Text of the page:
~ 26. March 2012 ~
I was sort of taken with SpringShare’s LibAnswers service when I first saw it—great idea for maintaining an FAQ/knowledge base. I immediately thought about how to find some funding for it, and that led to wondering about a free solution. LibAnswers is not even very expensive, but in the current budget climate asking for money for a new service is really to be avoided.
I googled for similar services and came across the phenomenon of the “Stack Overflow clone.” The idea: q&a around some sort of common interest, usually with user-submitted answers, indications of user trust/authority, the ability to designate a “best answer,” social tagging etc. The genre extends from the lamentable Yahoo! Answers the recently buzzworthy Quora, not to mention Stack Overflow itself. Often Q&A’s will be a portion of some larger site—think Metafilter’s Ask MeFi, MakeUseOf Answers, etc. (There’s probably something interesting to say about the relationship between Q&A sites and general discussion forums but I’ll leave that alone.) Stack Overflow appears to be seen as the starting point for Q&A platforms.
There are dozens of these clones, written in various programming languages, hosted locally or remotely, free/premium etc. (A good list can be found at the Stack Overflow.) Question2Answer was the one that looked most promising for my needs. It’s open-source, fairly new and under active development. Unlike most of the other open-source clones, it’s a LAMP package—so if you’ve e.g. installed and configured Wordpress, you know how to get around in it. (I wouldn’t know how to get started with a Ruby or Python package.) This also means you can test it locally by using XAMPP. The feature set is impressive. You can set tags and/or categories, moderate questions, set permissions for asking, answering, voting on answers etc., and do any number of things with layout. When someone asks a question, they are taken to possible matching questions, and “similar” questions can be made to display near one being viewed. It also has a plugin architecture with at least a few users contributing code regularly. Not many themes are available, but most of the elements are easy to manipulate via CSS. And—cool feature—you can designate a separate, more lightweight theme for mobile visitors. For analytics, you can of course use Google or any other package.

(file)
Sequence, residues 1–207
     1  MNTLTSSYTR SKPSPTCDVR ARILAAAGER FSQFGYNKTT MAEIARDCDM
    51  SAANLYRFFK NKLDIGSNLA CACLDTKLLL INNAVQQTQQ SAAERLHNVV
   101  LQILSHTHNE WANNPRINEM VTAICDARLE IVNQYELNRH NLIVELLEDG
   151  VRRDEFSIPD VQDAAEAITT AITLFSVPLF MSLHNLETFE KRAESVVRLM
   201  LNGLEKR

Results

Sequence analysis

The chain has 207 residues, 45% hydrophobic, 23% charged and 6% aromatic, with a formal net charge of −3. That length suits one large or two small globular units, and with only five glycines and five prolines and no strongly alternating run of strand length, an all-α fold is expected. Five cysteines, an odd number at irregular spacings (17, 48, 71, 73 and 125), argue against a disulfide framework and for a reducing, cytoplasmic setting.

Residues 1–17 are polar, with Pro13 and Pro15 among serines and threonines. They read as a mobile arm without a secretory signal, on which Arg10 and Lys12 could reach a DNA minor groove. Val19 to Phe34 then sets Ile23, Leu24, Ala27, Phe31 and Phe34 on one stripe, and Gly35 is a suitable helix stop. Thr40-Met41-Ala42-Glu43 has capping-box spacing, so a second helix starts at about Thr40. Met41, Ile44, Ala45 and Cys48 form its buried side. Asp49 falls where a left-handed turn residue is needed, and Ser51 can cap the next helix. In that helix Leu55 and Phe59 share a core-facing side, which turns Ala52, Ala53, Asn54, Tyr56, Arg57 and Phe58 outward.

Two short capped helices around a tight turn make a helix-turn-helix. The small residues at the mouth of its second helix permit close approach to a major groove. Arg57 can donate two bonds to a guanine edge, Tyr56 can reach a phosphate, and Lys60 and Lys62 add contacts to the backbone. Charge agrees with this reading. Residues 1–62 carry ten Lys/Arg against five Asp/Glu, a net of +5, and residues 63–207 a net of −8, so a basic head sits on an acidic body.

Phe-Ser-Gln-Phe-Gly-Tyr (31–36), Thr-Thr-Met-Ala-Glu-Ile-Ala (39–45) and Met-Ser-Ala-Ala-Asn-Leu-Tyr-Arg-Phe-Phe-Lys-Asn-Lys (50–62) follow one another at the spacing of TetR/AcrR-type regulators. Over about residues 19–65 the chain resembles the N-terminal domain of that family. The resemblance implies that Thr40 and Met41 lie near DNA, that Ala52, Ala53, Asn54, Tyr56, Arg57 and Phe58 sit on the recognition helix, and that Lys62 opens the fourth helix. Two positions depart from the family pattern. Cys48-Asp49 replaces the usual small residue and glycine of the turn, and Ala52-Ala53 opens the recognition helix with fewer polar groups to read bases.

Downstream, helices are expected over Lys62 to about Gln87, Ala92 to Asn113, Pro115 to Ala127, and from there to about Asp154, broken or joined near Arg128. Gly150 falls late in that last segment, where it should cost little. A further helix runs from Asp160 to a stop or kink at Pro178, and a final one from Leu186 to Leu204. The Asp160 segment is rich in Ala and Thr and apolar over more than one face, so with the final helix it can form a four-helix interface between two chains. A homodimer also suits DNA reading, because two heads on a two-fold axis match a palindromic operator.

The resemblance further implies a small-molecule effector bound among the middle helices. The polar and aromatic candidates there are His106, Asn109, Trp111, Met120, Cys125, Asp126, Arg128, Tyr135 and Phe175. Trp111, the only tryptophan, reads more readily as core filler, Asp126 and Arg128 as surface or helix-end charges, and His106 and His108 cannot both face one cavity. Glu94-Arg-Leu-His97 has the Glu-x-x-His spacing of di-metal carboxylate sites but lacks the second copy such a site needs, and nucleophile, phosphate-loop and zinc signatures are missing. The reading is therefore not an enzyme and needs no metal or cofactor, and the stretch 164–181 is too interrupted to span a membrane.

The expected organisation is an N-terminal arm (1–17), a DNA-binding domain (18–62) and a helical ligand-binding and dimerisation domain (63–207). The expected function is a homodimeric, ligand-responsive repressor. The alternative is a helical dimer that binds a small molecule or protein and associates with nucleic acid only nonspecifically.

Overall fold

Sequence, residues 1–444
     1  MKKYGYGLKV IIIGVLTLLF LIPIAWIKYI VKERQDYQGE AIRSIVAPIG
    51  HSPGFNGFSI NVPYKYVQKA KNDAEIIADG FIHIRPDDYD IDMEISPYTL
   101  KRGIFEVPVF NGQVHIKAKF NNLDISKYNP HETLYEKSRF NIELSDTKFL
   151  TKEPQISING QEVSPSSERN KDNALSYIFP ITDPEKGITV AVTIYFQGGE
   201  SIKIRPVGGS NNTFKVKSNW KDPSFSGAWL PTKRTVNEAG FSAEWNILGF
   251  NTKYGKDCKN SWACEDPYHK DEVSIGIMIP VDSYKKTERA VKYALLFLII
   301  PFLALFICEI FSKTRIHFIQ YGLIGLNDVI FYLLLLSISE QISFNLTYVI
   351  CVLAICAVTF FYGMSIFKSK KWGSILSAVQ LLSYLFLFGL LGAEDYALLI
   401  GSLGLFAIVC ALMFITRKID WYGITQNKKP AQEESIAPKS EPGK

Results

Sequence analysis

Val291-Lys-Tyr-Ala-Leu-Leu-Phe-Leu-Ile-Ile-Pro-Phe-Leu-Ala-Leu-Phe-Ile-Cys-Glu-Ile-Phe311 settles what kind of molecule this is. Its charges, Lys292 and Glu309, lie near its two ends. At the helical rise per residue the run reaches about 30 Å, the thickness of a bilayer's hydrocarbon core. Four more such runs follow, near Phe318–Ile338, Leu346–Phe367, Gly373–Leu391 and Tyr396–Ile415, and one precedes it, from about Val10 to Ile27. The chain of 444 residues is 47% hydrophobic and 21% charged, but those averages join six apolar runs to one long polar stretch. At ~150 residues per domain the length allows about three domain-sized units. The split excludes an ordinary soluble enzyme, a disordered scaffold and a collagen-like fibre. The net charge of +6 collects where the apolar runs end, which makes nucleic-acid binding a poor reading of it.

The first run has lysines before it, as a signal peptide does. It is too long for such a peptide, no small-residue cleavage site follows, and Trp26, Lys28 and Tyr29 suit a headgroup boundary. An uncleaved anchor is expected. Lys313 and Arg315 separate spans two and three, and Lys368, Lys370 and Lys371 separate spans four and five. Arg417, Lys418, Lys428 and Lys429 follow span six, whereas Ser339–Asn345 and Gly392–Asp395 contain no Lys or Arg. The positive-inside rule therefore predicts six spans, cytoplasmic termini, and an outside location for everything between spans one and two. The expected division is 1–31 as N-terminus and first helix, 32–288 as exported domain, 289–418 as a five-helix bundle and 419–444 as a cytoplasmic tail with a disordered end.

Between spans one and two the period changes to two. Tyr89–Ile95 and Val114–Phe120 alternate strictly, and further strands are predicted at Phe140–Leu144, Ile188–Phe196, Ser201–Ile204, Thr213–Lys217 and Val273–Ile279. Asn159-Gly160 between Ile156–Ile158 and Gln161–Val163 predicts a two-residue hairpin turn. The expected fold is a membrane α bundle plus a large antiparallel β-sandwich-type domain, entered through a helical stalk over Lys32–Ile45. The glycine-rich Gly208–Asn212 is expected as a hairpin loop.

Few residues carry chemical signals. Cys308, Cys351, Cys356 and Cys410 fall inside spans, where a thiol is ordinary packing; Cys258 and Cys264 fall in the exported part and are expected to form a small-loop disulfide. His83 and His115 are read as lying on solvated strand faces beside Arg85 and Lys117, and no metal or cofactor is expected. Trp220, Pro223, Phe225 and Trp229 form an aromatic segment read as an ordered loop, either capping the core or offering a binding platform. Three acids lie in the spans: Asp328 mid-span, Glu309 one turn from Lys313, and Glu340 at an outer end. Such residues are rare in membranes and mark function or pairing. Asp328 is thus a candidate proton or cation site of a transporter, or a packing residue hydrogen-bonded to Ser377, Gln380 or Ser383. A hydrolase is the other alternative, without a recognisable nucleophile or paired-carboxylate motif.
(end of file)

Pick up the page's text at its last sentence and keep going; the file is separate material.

So, after a few weeks of playing with a test installation and working on the CSS (using our unfortunate college colors), I opened it to the public around the beginning of March. The “stapler” logo is supposed to refer to the most common library question, but it seems like I’m the only person who gets that… oh well. Branding is not my strong suit. So far almost all the questions have been “seeded” by us librarians. Only three have come from the public, and one of these was withdrawn soon after being posted. I’m using Twitterfeed to auto-post an RSS feed of the posts to our Twitter account. (Yes, the product generates a bunch of RSS feeds, so you can play with that to make widgets if you like.) I’m actually allowing users to answer questions if they like, though I don’t think that’s necessarily ever going to happen.
Obviously this approach has some disadvantages compared to using a service like Springshare’s. I probably spent a good deal more time getting this running than I would have configuring LibAnswers, and I’m now responsible for backing up the SQL database, updating the software as needed, etc. If I need support, I go to the Question2Answer Q&A site and hope for the best.
Then there’s performance. Springshare seems to do pretty well on this score, likely using Amazon or some other cloud service, whereas I’m hosting this on a cheap commercial shared account that our instructional technology team recently got to allow people to start Web projects without going through the grind of marshalling IT support.
But on the other hand, you have a great deal more control over the look of the thing (I’m not a fan of Springshare’s design so this is in itself appealing). You can add stuff to the header—e.g. Google web fonts, favicons, site header/footer etc.—and do whatever kind of add-on widgetry you like. In addition, I generally find tweaking CSS rewarding, simply because it remains relevant and I really don’t want to forget what I know about it.
Anyone out there reading this, please have a look at our site and let me know what you think!